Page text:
Sunday, May 02, 2010

Avoiding Identity Theft (Know what YOU can do)

Recently, I've been hearing complaints from my aunts and uncles about their credit cards suddenly getting frozen or cut because of what the credit card companies call as "unusual activity". They are a bit old and it's very much of a hassle for them to keep calling the bank and ask why it happened and how they get reconnected. As a result, they end up blaming the bank. I really don't think it's the bank's fault. So I decided to make my own research to explain to them what really happened and found out that these were cases of identity theft. I continued my research to find out and inform them of how to avoid such incidents. In my search, I found this press release from Affinion that gave me the best solution to their problem.

This information is taken from the press release entitled "Taxes and Personal Data: 5 Ways to Avoid Identity Theft". To find their release, click here.


Here are five tips to keep in mind:
 
1. Be proactive


Check your credit card and bank statements at least monthly for unusual activity. You should do this regularly, not just when you’ve had a problem. Surprisingly, most people don’t.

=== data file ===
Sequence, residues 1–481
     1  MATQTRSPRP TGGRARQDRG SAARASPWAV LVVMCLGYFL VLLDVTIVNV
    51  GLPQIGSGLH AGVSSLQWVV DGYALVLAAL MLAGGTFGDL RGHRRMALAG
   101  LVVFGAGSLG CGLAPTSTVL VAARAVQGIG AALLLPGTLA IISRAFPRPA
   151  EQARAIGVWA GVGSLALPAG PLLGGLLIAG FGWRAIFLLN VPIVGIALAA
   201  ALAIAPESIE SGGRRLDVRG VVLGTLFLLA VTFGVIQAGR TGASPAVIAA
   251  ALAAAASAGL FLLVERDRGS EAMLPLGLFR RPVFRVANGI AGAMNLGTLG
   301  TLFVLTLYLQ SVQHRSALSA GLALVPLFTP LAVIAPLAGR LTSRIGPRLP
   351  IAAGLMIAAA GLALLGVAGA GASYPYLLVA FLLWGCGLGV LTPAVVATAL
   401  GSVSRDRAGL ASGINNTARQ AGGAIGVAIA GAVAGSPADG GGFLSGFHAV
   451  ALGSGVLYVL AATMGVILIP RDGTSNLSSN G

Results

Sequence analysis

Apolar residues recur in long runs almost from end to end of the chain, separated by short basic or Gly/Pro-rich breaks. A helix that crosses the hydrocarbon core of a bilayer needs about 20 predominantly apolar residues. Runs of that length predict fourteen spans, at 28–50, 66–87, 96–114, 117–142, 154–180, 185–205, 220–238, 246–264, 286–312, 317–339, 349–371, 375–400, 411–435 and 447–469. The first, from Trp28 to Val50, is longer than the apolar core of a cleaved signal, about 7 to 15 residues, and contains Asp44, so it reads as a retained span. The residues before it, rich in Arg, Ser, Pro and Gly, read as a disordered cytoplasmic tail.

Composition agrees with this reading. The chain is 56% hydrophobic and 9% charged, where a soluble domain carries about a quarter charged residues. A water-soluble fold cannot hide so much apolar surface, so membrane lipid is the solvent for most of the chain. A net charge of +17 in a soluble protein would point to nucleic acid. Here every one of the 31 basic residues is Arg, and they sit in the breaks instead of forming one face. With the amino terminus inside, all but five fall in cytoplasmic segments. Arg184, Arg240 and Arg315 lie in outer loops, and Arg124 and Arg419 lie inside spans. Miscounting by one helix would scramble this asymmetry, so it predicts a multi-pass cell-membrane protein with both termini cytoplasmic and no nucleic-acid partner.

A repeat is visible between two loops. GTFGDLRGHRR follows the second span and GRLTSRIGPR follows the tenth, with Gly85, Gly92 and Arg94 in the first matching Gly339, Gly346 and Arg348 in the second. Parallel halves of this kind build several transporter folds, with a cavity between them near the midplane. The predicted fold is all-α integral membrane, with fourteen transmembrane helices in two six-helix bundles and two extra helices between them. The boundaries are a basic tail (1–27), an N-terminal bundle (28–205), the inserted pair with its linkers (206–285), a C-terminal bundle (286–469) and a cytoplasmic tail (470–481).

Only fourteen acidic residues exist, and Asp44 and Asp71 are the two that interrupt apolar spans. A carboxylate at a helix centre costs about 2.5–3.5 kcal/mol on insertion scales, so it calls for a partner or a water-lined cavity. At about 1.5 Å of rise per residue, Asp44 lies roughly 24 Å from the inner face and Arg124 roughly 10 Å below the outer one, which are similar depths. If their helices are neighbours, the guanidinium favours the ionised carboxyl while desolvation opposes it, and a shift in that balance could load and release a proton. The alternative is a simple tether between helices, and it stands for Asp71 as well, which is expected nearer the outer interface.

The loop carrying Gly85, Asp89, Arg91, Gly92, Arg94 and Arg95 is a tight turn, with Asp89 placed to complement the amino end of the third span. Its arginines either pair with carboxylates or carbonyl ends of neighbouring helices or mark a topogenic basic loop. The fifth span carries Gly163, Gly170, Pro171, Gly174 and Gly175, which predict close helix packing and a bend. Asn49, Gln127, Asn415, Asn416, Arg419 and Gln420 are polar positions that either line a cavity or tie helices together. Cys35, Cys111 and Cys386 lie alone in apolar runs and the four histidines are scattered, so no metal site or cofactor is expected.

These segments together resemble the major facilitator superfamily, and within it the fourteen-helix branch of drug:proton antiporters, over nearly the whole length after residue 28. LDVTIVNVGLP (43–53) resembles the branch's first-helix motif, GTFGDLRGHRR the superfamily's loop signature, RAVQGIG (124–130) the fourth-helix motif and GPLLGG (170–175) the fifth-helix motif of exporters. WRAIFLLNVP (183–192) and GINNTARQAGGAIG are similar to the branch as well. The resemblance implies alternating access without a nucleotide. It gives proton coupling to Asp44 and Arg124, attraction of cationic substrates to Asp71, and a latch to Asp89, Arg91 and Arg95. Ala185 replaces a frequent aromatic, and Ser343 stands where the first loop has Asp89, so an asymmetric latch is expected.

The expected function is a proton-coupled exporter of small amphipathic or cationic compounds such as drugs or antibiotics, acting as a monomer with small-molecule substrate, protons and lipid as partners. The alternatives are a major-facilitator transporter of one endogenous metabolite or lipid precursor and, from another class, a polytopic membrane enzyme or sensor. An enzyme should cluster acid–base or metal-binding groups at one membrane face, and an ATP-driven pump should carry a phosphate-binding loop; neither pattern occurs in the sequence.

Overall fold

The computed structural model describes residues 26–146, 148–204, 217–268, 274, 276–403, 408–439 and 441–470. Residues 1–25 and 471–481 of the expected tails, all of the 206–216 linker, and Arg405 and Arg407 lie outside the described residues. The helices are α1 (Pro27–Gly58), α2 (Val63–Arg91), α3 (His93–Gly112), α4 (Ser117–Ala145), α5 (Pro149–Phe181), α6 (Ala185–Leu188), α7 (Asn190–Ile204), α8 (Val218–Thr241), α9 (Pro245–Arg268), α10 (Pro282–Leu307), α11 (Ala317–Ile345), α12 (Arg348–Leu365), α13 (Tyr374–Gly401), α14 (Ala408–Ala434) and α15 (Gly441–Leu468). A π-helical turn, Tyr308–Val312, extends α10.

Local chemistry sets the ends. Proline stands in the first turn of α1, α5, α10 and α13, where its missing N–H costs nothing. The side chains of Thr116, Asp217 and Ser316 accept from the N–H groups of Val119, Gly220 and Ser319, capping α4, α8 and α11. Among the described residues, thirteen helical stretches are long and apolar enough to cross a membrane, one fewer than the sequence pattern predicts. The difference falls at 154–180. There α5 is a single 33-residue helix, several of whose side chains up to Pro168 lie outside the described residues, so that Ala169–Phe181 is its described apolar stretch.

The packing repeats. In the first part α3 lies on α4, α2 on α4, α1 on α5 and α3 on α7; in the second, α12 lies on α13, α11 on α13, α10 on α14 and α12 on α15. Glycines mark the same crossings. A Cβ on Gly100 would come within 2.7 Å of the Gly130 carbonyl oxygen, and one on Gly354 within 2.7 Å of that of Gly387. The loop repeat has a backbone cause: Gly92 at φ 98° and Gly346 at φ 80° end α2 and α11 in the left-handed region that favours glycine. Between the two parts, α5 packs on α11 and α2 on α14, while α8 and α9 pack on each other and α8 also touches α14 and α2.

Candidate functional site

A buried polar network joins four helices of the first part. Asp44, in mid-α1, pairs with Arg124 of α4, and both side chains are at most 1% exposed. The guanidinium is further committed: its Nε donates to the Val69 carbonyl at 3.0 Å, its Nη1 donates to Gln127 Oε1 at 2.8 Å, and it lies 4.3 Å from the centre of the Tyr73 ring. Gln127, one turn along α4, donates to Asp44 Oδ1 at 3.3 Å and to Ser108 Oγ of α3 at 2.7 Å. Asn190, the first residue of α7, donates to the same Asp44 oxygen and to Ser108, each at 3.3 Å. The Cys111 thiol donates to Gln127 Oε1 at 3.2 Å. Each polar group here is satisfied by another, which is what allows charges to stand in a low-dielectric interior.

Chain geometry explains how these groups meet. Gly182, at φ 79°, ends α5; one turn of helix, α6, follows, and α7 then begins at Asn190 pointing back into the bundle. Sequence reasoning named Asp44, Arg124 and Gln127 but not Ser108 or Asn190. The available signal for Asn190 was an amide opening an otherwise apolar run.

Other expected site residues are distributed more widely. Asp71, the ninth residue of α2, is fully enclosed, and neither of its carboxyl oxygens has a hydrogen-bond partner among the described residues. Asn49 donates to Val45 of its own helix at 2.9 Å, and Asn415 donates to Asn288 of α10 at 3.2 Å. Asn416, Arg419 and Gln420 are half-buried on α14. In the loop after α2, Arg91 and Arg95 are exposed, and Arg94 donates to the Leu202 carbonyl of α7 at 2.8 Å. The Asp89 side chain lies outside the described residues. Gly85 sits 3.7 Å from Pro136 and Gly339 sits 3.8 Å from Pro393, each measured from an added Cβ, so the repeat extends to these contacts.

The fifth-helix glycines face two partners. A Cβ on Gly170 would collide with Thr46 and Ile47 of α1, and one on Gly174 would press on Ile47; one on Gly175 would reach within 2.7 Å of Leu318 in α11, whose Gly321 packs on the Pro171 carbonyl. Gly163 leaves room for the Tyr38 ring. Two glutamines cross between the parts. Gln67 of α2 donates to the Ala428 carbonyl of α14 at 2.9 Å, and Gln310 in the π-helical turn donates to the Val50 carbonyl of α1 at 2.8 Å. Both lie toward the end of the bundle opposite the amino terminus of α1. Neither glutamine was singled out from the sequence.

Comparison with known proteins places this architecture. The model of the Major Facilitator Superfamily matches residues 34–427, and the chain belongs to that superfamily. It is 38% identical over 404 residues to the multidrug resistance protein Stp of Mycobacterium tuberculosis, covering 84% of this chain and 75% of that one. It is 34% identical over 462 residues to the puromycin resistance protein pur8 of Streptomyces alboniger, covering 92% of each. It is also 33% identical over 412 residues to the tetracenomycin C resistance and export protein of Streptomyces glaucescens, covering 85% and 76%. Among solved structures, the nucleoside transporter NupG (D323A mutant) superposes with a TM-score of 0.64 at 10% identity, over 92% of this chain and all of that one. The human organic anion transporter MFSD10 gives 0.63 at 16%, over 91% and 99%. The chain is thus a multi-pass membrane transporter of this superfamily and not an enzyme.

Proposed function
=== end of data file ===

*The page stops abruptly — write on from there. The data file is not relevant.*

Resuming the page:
It’s very important to catch problems quickly. A thief abusing your account will frequently make a charge, then wait to see if it goes through unchecked. If it does, he’ll strike again to get as much out of the account as possible before he’s stopped.
Many banks have programs to notify customers of unusual credit card activity and frequently freeze an account until they figure out whether a charge is legitimate. You may want to check on your card provider’s policies.
 
2. Know what’s in your credit report


Check your credit report at the three credit reporting agencies — Equifax, Experian and TransUnion. You are allowed to check each once a year for free. Go to www.annualcreditreport.com for the government-authorized free reports. Look for any credit accounts you didn’t open, a sure sign someone has stolen your identity and is opening credit lines in your name. A good proactive practice is to check one of the agencies every four months to help catch any major changes throughout the year.